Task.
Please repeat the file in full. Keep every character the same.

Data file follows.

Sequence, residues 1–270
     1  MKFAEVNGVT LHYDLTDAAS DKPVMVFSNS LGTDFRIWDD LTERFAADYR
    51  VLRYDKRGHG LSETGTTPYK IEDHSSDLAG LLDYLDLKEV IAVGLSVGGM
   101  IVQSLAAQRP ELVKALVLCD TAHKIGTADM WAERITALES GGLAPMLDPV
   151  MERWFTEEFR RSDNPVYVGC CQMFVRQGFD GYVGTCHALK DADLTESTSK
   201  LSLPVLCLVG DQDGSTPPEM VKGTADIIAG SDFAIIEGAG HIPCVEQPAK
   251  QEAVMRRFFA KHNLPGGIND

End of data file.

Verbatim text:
Sequence, residues 1–270
     1  MKFAEVNGVT LHYDLTDAAS DKPVMVFSNS LGTDFRIWDD LTERFAADYR
    51  VLRYDKRGHG LSETGTTPYK IEDHSSDLAG LLDYLDLKEV IAVGLSVGGM
   101  IVQSLAAQRP ELVKALVLCD TAHKIGTADM WAERITALES GGLAPMLDPV
   151  MERWFTEEFR RSDNPVYVGC CQMFVRQGFD GYVGTCHALK DADLTESTSK
   201  LSLPVLCLVG DQDGSTPPEM VKGTADIIAG SDFAIIEGAG HIPCVEQPAK
   251  QEAVMRRFFA KHNLPGGIND